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Showcases the Romero House group and her program of Integration for Ministry that provides adult education and m inistry formation
Lays out a transformative Contemplative Theological Reflection Process leading to conversion, contemplation, and holiness through practice and dialogue
Enlists Scripture, social justice concerns, and a cast of critical thinkers in the theology of ministry
Anyone involved in ministry-whether in formation programs, in parishes, or in social justice activities-will welcome this creative, process-oriented framework for ministerial theology and faith development, a framework that is firmly grounded in the minister's grassroots experience.
Number of Pages: 160
Vendor: Liturgical Press
Publication Date: 2009
|Dimensions: 8.25 X 5.38 (inches)|
Availability: Usually ships in 24-48 hours.
The Long Journey takes us into the heart of Jerusalem, Mount Zion, the site of the Benedictine Dormition Monastery, a place where pilgrims, seekers, and peacemakers come for liturgies, prayer, and conversation. Our guide on this journey is James Paharik, who in nine closely woven essays, leads us through the labyrinthine spaces of Jerusalem, al the while digging through the layers of history to expose the rich stories that are the foundation of the city. We meet not only Jews and Palestinians but also Armenian and Ethiopian Christians, +¬migr+¬s and expatriates, living and working in this polyglot place. Paharik reveals hearts damaged by violence but also brimming with hope that Israel will one day soon live up to her calling, as expressed in Psalm 76:
In Judah God is known,
his name is great in Israel.
His abode has been established in Salem,
his dwelling place in Zion.
There he broke the flashing arrows,
the shield, the sword, and the weapons of war.
James G. Paharik, PhD, is a member of the sociology faculty at Seton Hill University. He writes and teaches in the areas of comparative genocide and peace studies. Paharik is director of research and curriculum design for Beit Benedict Peace Academy and an oblate of Dormition Abbey, Jerusalem.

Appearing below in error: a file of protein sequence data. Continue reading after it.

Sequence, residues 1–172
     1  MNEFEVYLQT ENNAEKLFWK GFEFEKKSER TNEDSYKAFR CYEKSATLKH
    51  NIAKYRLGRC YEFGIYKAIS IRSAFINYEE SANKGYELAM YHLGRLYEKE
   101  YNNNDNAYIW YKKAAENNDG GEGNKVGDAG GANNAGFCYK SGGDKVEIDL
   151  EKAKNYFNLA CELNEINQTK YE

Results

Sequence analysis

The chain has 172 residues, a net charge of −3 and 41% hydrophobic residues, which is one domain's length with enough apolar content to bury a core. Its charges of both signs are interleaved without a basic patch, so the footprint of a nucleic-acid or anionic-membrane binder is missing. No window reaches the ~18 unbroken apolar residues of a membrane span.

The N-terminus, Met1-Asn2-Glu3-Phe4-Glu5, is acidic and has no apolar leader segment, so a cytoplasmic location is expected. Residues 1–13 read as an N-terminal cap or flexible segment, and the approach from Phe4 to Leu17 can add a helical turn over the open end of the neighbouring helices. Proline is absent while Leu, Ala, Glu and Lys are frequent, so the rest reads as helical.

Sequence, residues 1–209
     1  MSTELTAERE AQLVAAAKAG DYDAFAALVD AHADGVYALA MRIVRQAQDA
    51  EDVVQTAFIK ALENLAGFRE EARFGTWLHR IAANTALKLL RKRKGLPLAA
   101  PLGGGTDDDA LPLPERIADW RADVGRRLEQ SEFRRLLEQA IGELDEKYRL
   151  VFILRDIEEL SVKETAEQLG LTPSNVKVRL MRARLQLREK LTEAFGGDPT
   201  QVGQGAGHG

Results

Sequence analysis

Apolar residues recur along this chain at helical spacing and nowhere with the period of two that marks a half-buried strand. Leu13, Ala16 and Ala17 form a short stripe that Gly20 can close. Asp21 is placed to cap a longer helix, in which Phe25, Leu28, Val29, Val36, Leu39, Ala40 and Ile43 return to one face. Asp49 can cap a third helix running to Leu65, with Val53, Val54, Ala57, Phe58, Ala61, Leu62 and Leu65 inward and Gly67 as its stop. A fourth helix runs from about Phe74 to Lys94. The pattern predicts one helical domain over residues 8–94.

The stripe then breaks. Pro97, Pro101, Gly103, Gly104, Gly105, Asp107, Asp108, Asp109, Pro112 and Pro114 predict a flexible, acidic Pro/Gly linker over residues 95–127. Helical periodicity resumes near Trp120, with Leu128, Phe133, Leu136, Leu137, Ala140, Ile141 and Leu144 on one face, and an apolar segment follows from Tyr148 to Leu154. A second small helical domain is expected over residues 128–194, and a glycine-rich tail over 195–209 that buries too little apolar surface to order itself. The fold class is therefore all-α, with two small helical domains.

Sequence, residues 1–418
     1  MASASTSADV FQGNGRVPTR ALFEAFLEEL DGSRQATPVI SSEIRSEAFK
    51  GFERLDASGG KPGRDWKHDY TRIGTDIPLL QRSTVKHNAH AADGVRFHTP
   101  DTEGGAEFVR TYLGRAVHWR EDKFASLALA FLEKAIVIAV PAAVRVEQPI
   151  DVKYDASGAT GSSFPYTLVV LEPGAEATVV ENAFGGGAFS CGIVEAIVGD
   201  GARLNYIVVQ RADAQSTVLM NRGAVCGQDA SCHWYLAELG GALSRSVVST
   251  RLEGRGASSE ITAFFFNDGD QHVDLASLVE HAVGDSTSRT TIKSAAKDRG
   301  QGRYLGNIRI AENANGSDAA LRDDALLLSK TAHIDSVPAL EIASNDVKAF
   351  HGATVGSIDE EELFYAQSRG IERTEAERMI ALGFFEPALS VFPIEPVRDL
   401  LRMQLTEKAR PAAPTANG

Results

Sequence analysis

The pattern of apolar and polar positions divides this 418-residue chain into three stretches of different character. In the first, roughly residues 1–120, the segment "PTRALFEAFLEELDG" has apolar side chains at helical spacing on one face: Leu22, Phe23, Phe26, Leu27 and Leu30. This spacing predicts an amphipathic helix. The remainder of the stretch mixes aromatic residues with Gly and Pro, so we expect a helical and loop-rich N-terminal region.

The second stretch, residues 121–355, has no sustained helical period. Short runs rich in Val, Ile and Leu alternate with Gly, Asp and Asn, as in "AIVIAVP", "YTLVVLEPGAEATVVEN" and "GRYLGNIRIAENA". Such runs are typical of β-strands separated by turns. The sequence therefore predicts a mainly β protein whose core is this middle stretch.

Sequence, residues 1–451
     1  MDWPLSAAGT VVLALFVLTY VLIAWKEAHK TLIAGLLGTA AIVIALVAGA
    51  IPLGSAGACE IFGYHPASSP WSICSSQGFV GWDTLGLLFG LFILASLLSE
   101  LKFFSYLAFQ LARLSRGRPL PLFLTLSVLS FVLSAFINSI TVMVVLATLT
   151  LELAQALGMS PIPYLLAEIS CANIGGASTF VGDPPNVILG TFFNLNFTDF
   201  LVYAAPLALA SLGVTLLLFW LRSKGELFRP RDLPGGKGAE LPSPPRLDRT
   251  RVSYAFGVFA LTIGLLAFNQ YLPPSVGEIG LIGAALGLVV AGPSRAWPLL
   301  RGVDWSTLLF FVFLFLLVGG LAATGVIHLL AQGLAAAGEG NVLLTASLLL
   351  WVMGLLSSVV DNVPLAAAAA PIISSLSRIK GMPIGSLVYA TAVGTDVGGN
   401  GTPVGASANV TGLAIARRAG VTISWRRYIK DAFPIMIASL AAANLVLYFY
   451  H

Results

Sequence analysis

The never-ending demands of ministry can lead many ministers to compassion fatigue, an experience of burnout that deadens not only our work but also our spiritual lives. Kathleen McAlpins Ministry that Transforms offers a path toward new life and fresh meaning in ministry. The book outlines a practical method of theological reflection drawn from the authors journey with Romero House, a Toronto community dedicated to housing and assisting refugees. Through the inspiring stories of seven dedicated individuals, McAlpin shares a model of reflection that is full of wisdom, theological insight, and pastoral sensitivity. It is a model of ongoing conversion that both ministry students and experienced ministers will find lifeaffirming and lifegiving. - Edward P. Hahnenberg, PhD, Past consultant to the US Bishops Subcommittee on Lay Ministry, Author of Ministries:A Relational Approach and A Concise Guide to the Documents of Vatican II
McAlpins Ministry That Transforms marks a new more practical and more spiritual stage in theological reflection. This bookclear, practical, and forcefulmakes explicit the requirements for graceful pastoral reflection in todays world: a reflection firmly rooted in a community of faith and action; where there exists an ongoing courtship of mercy and justice; with the expectation of transformationboth of participants and the world.
The community of McAlpins reflection is Romero House in Toronto that shelters immigrants and refugees as they arrive in Canada; here a ministry of mercy flowers into demands of justice for societys most vulnerable members. This model of contemplation in action would delight the heart of Ignatius Loyola.
Readers will find in McAlpins two brief appendices an excellent illustration of how her method of reflection proceeds.Few pleasures rival that of professors watching their student surpass them in a creative contribution to society. - James and Evelyn Whitehead, Authors of Method in Ministry
The powerful and convincing thesis of Kathleen McAlpin that it is in the service of others and through reflection on that experience we become truly contemplative and authentic disciples of Jesus, is carefully and theologically articulated in this splendid book, Ministry That Transforms. Theories of transformational learning described by the author are brought to life through the experience of seven participants who the author comes to know as they assist refugees of Romera House through the legal procedures required to become landed immigrants in Canada. Particularly meaningful for me was the personal reflection of the author herself as she struggled and learned not to project her own perspectives and spirituality on the participants. This book offers not only content but above all reflection on an experience rooted in a compelling reality. It is a valuable tool for practitioners on many levels. - Margaret Brennan, IHM, Professor Emerita, Regis College, Toronto, Ontario